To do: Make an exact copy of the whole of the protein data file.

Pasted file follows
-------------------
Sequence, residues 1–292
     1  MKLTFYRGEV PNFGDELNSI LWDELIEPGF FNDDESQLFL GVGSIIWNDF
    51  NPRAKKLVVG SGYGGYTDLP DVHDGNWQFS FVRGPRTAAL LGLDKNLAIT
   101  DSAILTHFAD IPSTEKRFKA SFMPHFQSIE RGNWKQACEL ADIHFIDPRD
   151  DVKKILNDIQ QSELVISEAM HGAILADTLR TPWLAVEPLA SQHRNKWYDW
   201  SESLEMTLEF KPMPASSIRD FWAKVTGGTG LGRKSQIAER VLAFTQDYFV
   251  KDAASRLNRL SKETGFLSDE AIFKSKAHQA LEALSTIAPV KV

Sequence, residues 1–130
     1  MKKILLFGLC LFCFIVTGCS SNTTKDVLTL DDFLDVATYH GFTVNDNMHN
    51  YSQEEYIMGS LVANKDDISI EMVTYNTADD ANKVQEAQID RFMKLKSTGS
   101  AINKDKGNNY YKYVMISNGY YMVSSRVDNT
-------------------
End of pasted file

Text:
Sequence, residues 1–292
     1  MKLTFYRGEV PNFGDELNSI LWDELIEPGF FNDDESQLFL GVGSIIWNDF
    51  NPRAKKLVVG SGYGGYTDLP DVHDGNWQFS FVRGPRTAAL LGLDKNLAIT
   101  DSAILTHFAD IPSTEKRFKA SFMPHFQSIE RGNWKQACEL ADIHFIDPRD
   151  DVKKILNDIQ QSELVISEAM HGAILADTLR TPWLAVEPLA SQHRNKWYDW
   201  SESLEMTLEF KPMPASSIRD FWAKVTGGTG LGRKSQIAER VLAFTQDYFV
   251  KDAASRLNRL SKETGFLSDE AIFKSKAHQA LEALSTIAPV KV

Sequence, residues 1–130
     1  MKKILLFGLC LFCFIVTGCS SNTTKDVLTL DDFLDVATYH GFTVNDNMHN
    51  YSQEEYIMGS LVANKDDISI EMVTYNTADD ANKVQEAQID RFMKLKSTGS
   101  AINKDKGNNY YKYVMISNGY YMVSSRVDNT